The Other Side Of Open

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Open. Open. Open. Open. Open. Open. Open. Open. Open.

Every chance they get, someone from Google brings this up as a huge advantage of Android over rivals like iOS. Never mind the fact that a good percentage of the time it’s pure marketing bullshit — why exactly isn’t Google Wallet on Google’s own Galaxy Nexus device? — even when it’s true, there are some very real downsides. The user experience angle has been debated ad nauseam. More interesting is what we’re seeing now. A downside for Google.

Amazon’s Kindle Fire runs on Android, but nothing about it is Google’s Android. It doesn’t look like Android and it doesn’t feature Google’s own apps. That has to annoy Google, but something exposed the other day must truly piss them off: the Kindle Fire redirects all Android Market requests to Amazon’s Appstore. That includes all attempts to go to market.android.com even when the Fire’s accelerated browsing (routed through Amazon’s servers) is turned off.

Amazon has commandeered Android and is closing it down for their own purposes. The problem for Google is that those purposes are decidedly anti-Google purposes. Amazon wants to control the Android app ecosystem — the one created and nurtured by Google.

Despite what they may have you believe sometimes, Google is not a pro bono company. Their work with Android is an attempt to create another billion dollar-plus business. Apps are a part of this, but the bigger parts are things like payments and content, and of course, search and advertising. Amazon is taking over apps, content, and payments with the Fire. And you have to think that search might be in their sights as well. At the very least, they could cut a lucrative deal with someone like Microsoft to make Bing the default search engine on the Kindle Fire.

This would mean that Google would be making essentially nothing off of each Kindle Fire, even though they created the platform on which it runs. And this matters because the Kindle Fire is poised to be the most successful Android tablet — it may very well be already.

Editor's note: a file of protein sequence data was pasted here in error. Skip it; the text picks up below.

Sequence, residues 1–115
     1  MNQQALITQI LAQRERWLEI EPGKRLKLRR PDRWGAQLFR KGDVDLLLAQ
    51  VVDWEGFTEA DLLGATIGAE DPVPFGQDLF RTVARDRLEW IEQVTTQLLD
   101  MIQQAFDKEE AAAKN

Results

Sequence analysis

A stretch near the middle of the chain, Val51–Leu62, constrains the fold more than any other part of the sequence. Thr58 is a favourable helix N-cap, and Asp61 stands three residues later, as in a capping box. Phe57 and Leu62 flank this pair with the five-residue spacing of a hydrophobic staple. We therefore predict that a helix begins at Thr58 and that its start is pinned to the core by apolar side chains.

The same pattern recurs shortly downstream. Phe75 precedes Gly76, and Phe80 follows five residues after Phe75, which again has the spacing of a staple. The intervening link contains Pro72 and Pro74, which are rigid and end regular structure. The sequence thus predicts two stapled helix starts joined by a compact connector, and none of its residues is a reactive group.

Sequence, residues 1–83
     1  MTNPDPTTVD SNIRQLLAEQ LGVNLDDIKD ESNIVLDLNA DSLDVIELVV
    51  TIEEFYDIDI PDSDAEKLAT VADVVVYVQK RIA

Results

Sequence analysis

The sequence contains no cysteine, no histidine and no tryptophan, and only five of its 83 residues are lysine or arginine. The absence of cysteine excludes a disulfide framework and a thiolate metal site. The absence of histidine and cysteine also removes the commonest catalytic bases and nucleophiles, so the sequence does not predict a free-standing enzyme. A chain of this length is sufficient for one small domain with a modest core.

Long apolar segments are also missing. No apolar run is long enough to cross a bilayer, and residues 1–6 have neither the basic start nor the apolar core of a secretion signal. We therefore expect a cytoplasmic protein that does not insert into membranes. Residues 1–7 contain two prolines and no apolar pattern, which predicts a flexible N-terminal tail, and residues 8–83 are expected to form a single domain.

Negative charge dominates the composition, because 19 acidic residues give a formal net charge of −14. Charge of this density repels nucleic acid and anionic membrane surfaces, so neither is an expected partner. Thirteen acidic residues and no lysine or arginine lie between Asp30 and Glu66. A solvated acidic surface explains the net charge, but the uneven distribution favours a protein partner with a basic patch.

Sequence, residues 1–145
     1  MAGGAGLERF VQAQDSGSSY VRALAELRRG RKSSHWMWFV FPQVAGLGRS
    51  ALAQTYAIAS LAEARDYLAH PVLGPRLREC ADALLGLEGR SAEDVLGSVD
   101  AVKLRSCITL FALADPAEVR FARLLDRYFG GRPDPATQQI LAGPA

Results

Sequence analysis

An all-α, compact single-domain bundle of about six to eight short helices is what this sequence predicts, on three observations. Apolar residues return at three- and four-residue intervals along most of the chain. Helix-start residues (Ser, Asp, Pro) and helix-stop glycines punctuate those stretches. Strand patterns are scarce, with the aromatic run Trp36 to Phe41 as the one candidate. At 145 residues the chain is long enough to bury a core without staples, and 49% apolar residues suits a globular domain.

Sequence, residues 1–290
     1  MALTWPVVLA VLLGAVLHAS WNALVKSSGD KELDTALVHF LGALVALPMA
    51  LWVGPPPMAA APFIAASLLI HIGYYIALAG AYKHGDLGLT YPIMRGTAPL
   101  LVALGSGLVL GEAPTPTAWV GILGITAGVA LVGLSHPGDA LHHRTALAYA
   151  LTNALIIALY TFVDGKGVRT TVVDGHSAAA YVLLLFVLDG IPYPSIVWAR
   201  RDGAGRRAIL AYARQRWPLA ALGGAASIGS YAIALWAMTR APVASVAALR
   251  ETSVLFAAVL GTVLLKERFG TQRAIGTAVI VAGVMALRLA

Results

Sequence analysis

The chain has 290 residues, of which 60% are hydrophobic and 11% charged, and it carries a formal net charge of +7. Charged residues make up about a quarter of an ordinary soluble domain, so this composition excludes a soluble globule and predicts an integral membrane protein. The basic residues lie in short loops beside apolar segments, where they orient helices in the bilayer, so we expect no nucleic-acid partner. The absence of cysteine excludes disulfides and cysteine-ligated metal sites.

But that’s just tablets, you might say. Google Android still dominate phones. That’s true, Amazon isn’t in the smartphone game — at least not yet. But what happens if the rumors are true and Facebook releases a phone with an OS built on top of Android? And what if they do the exact same things that Amazon is doing? Say they create their own app store, bake in their own payment and content services, and eventually cut a deal with Microsoft to make Bing the default search engine. Remember, Microsoft has a search deal with Facebook already, and is a minority stakeholder in the social network.

And those are just the big guys in the U.S. Companies all around the world are also exploring (or already executing on) using Android as the basis for their own OSes. Some of these help Google, some do not. What if HTC builds they own flavor of Android? What if Samsung does? At least Google knows that Motorola won’t now…

With Android’s rise to smartphone market share domination (but not actual smartphone revenue/profit and/or developer mindshare domination), much has been made of the comparison to what Microsoft did in the 1980s and 1990s to blow past Apple towards PC domination. But one key difference that no one ever seems to bring up is the fact that Windows was anything but open. If you wanted to use it, you had to pay Microsoft. You would never have been able to build your own version of Windows without getting sued into oblivion.

Imagine if Microsoft had open sourced Windows back then. Would they still have become the dominant player? Possibly, maybe even likely at first, but eventually it’s feasible that a competitor would have used their work as the basis for a better version of Windows. That’s the real risk Google is now facing.

Back in May, I wondered what would happen when it’s Google/Android versus Amazon/Android? That was before Amazon’s hardware ambitions were fully revealed. But it seemed obvious this battle was coming. And now it’s here.

Update: With an update, Amazon has unblocked their web browser from accessing the Android Market website, Kevin Tofel reports for GigaOm. But it’s more of a PR move. You still cannot install Android Market apps without side-loading them.

[image: flickr/justin marty]